The Federal Reserve has begun raising interest rates for the first time since 2018. This process is commonly referred to as “liftoff” because policy rates have remained grounded at zero percent since the Fed’s pandemic rate cuts two years ago in response to the COVID19 crash and resulting recession.
While the initial market reaction has been positive, investors have faced a wide range of concerns as inflation has worsened and the Russia/Ukraine war has intensified. Perhaps the most important fact to remember is that rate hikes are a normal part of the business cycle. The Fed’s job is to help keep the economy steady by achieving maximum employment and stable prices.
“Compound interest is the 8th wonder of the world. He who understands it, earns it; he who doesn’t, pays it.” -Einstein
No matter whether you are applying for or refinancing a college loan, credit card, business loan or home mortgage, or are attempting to “squeeze” income out of your nest-egg in retirement, most of us at any age are not immune from the movements of interest rates.
When driving a car, you may only have a vague idea of how the underlying engine mechanism works. Internal combustion engines can contain any number of combustion chambers (cylinders), typically between four and twelve. Yet you should know that the accelerator speeds you up and the breaks slow you down.
A bit opposite of the effects of the accelerator and brakes on your car, when the economy is decelerating the Fed downshifts short term rates (the Fed funds rate) into lower gears as a monetary policy mechanism to help speed up the economy while encouraging lending and investing in the stock market. When the economy is accelerating along with inflation as it is today, the Fed up-shifts short term rates into higher gears to help slow it down.
Many people are being squeezed by soaring inflation. This may have retirees on a fixed income concerned about getting by or running out of savings during their golden years. Inflation rose 7.9% in February from 12 months ago, the highest we have seen since the early 80’s, according to the Labor Department.
Next year, retirees may receive a 7.6% cost-of-living adjustment (COLA) boost to Social Security, according to a preliminary estimate from The Senior Citizens League, a non-partisan senior group. The recent bump for 2022 in January was 5.9%, the highest in 40 years.
Interest rates matter to investors for many reasons. Most obviously, interest rates are directly related to the amount of income investors can expect to generate from their portfolios. As a measure of the “risk-free rate,” the yields on U.S. Treasuries represent a baseline level of interest that can be earned by investors across different maturities. Choosing to take on additional risk allows investors to potentially increase their yield above and beyond this risk-free rate.
Many of our retired clients in their 60’s 70’s and 80’s hold a solid footing in equities with a balanced 60/40 diversified portfolio to help take a bite out of inflation, reduce exposure to interest rate risk and to help better meet their financial goals as long term investors.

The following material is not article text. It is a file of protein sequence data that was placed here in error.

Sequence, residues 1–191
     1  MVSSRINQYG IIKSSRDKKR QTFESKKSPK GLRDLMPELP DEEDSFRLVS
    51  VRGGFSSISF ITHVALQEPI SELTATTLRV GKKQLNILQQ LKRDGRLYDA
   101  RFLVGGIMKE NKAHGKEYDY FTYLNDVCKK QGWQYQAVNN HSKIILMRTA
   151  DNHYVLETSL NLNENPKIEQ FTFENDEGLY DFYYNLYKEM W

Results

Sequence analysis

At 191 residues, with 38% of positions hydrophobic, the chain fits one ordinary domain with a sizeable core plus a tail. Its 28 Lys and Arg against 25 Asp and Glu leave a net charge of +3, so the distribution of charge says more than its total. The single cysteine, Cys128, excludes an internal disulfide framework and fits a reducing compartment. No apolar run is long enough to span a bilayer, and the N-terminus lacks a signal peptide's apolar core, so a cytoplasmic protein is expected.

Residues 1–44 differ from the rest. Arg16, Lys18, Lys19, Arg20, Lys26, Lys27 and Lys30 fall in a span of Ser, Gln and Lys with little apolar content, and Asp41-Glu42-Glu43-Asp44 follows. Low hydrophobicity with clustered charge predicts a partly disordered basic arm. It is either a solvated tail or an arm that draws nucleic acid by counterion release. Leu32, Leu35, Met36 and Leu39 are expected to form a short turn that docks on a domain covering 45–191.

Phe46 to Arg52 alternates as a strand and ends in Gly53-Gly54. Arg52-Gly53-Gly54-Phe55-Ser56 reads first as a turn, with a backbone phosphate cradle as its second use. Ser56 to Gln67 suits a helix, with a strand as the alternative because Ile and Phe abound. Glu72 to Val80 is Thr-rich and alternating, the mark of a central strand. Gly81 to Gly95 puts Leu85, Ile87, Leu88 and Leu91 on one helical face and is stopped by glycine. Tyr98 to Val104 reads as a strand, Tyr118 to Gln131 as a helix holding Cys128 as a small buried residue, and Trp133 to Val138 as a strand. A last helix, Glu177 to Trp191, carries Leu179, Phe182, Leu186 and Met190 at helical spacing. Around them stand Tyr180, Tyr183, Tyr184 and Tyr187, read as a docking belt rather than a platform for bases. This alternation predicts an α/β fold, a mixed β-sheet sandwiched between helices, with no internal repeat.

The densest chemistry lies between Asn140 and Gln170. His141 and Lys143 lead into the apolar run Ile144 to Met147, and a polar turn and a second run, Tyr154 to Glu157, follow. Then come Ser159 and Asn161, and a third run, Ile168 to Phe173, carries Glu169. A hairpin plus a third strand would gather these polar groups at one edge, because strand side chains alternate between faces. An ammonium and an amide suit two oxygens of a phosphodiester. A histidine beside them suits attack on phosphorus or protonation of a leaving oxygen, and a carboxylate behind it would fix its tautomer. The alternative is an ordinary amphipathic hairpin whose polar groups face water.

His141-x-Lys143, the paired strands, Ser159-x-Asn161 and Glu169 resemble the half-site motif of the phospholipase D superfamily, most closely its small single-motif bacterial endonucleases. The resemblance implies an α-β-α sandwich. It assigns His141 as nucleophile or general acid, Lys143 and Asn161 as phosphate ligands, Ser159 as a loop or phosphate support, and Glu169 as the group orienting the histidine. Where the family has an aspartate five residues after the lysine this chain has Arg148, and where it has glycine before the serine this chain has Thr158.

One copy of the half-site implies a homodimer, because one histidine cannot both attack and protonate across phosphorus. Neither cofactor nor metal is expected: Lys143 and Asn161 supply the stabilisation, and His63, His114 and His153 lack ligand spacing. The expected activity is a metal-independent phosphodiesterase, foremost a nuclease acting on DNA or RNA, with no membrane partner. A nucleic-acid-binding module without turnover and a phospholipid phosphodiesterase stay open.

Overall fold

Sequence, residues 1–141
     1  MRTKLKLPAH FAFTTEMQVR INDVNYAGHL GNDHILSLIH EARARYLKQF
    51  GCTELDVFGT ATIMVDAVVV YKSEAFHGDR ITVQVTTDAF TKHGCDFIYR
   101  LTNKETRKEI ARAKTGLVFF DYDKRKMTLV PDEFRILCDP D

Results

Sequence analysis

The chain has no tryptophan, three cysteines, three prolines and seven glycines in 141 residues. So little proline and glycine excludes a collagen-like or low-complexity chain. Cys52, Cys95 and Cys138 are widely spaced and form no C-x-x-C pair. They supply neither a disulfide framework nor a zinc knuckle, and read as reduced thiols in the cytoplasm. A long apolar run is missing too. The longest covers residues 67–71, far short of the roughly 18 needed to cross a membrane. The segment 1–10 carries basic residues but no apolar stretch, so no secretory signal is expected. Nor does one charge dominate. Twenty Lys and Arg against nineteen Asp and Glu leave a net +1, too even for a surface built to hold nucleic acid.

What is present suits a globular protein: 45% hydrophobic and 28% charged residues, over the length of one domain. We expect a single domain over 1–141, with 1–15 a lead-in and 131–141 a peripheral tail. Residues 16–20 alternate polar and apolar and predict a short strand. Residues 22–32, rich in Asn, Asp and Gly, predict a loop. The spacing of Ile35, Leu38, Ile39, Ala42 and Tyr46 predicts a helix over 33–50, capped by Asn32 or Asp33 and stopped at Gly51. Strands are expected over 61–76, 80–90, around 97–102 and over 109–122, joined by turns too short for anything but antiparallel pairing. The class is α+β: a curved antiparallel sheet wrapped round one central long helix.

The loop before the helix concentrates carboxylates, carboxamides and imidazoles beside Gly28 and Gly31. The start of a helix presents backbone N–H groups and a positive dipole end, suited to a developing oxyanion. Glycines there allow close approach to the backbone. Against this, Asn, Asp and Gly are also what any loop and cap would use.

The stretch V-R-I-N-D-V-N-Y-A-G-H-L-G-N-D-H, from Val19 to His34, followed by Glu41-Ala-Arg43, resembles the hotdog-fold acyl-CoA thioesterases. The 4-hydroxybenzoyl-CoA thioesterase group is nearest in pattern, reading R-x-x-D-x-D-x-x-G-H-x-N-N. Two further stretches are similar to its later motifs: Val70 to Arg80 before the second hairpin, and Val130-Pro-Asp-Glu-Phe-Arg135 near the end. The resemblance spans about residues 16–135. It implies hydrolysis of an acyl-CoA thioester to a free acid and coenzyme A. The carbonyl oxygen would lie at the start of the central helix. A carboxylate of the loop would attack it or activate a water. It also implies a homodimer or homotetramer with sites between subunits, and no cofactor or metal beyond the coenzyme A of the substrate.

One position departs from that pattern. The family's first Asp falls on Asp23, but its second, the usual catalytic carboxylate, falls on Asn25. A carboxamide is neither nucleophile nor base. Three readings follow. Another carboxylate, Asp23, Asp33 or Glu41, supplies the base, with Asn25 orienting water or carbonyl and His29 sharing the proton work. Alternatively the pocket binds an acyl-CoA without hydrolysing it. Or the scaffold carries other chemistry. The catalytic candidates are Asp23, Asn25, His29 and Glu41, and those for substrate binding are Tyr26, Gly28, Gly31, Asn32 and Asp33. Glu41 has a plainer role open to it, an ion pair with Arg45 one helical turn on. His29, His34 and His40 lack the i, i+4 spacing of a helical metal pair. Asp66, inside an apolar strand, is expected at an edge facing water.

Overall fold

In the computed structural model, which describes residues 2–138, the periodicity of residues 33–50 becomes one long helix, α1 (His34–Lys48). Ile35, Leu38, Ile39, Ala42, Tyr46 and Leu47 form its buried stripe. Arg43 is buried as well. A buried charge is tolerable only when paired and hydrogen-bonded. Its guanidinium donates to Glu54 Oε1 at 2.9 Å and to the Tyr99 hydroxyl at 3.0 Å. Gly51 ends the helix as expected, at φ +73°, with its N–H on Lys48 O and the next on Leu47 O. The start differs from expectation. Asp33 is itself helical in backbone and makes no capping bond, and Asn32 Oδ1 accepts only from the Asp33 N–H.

Exposure to stocks can help provide retirees a cushion against rising prices and elevated inflation today more so than cash, CD’s, bonds or many less liquid alternative investment products that are often sold by brokers as a fear-hedge to market volatility and crashes.
At the same time, holding a high percentage of savings in cold-hard cash while spending down your principal each month can be of greater risk to run out of money over time for retirees than riding out volatility in the market, especially with today’s running hot inflation debacle that may stick around for a while.
The Fed’s Tool Box
What is unique this year is that inflation is at its highest point since the early 1980s. Global supply chains still face many problems with important goods like semiconductors in short supply. Energy prices have spiked as a result of Russia’s invasion of Ukraine, driving the domestic average price of gasoline past $4.25 a gallon for regular unleaded. Inflation has been much more persistent than many economists expected, and it is directly impacting the wallets of consumers.
With this backdrop, it’s no wonder that many have been calling for the Fed to tighten even as markets worry about the implications of higher rates. In this environment, there are two important reminders from history that are relevant to the quarters and years ahead.
First, the Fed rate hike in March is only the beginning of the process. The Fed’s own projections show the federal funds rate reaching 1.75% by the end of the year. This would equate to six quarter-point rate hikes in 2022 across six remaining meetings.
In addition, the Fed has communicated that they may begin to reduce their balance sheet as early as their next meeting. Their holdings of Treasuries and mortgage-backed securities have grown to $9 trillion, double their post-2008 peak. (see below) By not re-investing the proceeds when bonds expire, and possibly selling certain bonds outright, the Fed will effectively tighten financial conditions further. If the Fed has direct control over short-term interest rates via the fed funds rate, they have indirect control over longer-term rates via the bonds they carry on their balance sheet. If the previous cycle is any indication, this process will occur in the background over the course of years.